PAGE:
Meanwhile China's Xinhua quotes Iraqi MP Humam Hammodi stating, "The Iraqi cabient approved Tuesday a draft bill that sets timetable for withdrawal of the non-U.S. foreign troops from Iraq by five months for combat troops starting from January and seven months for the rest of the troops." The potential agreement would govern Australia, Romania, Estonia, El Salvador, NATO and the UK presence in Iraq. Ahmeed Rasheed (Reuters) quotes Hammodi but also notes that the "timeframe" "was not immediately clear." Also not immediately clear is which troops would leave -- 'combat' troops? Trainers? Police troops?
Jane Arraf (Christian Science Monitor) notes the continued violence in the Mosul area (which already this week includes an attack that cost the lives of 7 Yazidis) and notes that statements by "American and Iraqi officials" indicate US forces will not be withdrawing from Mosul in June:
Last Saturday Gen. Ray Odierno, commander of American forces in Iraq, said that despite the joint US-Iraqi security pact that calls for US troops to leave Iraqi cities, some battalions could remain in urban centers. "It's important that we maintain enough presence here that we can help them get through this year of transition," he said.
He acknowledged that Mosul is one place where Americans could remain. "There are still some issues in Mosul that we have to work through," said General Odierno.
Laith Hammoudi (McClatchy Newspapers) reports a Baghdad roadside bombing claimed 3 lives and left thirteen people injured, a Baghdad car bombing left three people injured, a Diyala Province car bombing left four members of the Iraqi military injured, another Diyala Province bombing claimed 2 lives and left seven more injured, a Mosul car bombing claimed the life of the driver and left four members of the Iraqi military injured, and a Kirkuk roadside bombing wounded a police officer. Reuters adds: "The police chief of Rashad town escaped death when a roadside bomb detonated near his convoy and wounded two of his bodyguards, 30 km (20 miles) south of Kirkuk, police said."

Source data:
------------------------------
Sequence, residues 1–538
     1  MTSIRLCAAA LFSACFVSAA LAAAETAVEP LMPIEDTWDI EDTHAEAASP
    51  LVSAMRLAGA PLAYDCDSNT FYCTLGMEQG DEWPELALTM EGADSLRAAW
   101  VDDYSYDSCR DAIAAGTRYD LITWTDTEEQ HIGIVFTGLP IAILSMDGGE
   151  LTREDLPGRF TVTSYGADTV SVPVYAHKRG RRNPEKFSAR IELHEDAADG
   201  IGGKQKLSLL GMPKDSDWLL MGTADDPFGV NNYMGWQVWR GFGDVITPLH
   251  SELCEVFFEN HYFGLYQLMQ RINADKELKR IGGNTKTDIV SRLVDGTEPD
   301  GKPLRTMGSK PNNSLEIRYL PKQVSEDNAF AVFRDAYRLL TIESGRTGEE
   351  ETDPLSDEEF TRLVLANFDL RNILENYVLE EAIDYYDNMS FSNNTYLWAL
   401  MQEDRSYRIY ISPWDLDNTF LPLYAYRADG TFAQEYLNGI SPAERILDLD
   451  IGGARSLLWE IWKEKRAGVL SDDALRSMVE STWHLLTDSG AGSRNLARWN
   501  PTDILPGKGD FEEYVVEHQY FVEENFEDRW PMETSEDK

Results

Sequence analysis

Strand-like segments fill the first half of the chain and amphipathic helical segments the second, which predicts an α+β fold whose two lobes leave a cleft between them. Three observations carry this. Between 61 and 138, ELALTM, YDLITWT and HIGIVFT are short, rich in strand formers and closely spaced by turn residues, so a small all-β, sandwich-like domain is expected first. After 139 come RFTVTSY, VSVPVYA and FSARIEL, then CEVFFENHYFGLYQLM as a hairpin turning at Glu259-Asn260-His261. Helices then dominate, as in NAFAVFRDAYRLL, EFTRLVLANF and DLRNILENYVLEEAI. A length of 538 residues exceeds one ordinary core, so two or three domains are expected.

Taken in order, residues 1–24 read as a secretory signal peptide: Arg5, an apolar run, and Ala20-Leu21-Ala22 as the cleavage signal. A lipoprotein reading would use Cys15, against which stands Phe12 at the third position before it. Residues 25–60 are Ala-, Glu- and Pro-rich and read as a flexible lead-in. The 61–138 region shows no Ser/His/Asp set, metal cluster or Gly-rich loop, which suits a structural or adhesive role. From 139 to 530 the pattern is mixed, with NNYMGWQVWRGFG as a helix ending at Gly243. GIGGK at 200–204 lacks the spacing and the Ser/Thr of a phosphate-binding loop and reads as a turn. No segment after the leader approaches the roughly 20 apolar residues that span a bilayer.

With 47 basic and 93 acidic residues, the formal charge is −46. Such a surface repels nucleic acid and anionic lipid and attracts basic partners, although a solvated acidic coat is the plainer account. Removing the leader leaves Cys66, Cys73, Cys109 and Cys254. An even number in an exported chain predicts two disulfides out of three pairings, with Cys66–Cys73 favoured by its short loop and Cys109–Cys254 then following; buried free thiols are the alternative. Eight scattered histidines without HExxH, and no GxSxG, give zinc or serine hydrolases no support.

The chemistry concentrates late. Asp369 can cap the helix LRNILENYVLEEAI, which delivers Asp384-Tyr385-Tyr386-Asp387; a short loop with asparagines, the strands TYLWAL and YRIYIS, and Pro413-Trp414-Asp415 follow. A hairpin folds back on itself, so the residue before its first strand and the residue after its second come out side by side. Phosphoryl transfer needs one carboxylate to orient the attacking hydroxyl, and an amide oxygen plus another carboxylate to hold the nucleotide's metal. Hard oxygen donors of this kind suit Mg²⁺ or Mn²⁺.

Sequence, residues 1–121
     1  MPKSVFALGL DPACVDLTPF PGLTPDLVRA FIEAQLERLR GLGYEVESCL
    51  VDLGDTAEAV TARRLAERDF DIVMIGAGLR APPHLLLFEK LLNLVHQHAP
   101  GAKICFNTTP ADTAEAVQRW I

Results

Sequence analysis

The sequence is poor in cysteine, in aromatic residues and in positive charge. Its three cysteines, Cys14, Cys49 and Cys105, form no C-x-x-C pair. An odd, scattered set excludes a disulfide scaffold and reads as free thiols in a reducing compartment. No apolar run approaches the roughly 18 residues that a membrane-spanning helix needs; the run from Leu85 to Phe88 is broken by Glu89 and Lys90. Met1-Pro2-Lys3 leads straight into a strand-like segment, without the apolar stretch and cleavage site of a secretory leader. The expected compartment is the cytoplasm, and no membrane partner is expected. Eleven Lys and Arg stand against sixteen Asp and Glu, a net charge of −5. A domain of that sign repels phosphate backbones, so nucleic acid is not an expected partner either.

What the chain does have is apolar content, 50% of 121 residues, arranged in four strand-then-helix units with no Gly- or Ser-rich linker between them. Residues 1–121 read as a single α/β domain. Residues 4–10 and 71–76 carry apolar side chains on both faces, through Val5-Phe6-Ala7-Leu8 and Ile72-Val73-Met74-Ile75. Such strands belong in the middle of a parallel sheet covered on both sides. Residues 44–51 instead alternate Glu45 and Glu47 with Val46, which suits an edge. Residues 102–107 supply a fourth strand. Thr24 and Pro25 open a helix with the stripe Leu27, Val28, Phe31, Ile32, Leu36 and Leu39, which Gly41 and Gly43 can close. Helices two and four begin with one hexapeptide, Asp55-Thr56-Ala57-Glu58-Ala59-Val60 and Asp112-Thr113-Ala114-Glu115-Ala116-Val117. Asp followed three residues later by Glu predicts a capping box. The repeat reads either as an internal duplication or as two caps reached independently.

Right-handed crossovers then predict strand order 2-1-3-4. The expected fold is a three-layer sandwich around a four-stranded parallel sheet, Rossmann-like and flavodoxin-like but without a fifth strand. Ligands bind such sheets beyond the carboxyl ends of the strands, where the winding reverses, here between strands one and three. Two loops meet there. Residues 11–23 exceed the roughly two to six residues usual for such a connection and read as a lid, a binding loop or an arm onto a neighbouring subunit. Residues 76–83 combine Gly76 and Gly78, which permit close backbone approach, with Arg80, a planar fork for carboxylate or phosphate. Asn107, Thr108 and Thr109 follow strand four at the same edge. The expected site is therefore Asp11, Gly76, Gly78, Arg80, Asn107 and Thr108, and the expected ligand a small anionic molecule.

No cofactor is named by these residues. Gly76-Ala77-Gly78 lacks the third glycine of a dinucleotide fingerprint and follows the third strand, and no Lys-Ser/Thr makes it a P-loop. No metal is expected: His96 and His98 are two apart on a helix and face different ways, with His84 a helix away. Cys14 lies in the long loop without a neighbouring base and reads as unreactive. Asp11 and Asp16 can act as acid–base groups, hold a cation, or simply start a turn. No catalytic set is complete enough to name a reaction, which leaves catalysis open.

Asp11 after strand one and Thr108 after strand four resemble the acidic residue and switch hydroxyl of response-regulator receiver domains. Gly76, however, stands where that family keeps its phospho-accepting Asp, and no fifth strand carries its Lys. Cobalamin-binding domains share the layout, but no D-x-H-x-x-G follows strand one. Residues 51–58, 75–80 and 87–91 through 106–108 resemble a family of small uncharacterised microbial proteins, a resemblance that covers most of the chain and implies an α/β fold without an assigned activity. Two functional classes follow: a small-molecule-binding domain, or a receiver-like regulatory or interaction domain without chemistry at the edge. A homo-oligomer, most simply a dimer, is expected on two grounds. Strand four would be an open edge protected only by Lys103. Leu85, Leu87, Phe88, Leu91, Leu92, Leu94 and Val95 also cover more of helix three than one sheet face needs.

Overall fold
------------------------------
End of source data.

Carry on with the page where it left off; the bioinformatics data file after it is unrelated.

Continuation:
Laith Hammoudi (McClatchy Newspapers) reports "Awakening" Council member Sattar al Hadidi was shot dead "leaving the mosque on Monday evening" and "A source in the border police said that an Iranian force had chased liquor smugglers inside the Iraqi land in north Sulaimaniyah province and killed and Iraqi man and an Iranian Kurdish man."
Today the US military announced: Multi-National Force -- Iraq's Task Force 134 -- Detainee Operations, transferred custody of the last of its female detainees to the Government of Iraq, Monday, Dec. 15. The final 10 female detainees were all transferred from the Coalition theater internment facility at Camp Cropper in Baghdad, to an Iraqi controlled women's prison in Baghdad. These women are all either already convicted or scheduled to stand trial in the Central Criminal Court of Iraq. While these women were in the custody of Coalition forces, they received care well above the standard of the Geneva Convention. They received first-class medical care, visits from family members and education. Currently, there are about 15,500 detainees in Coalition theater internment facilities; down dramatically from the high of about 26,000 in November 2007. Since the start of 2008, nearly 18,000 detainees have been released to their families and communities throughout Iraq.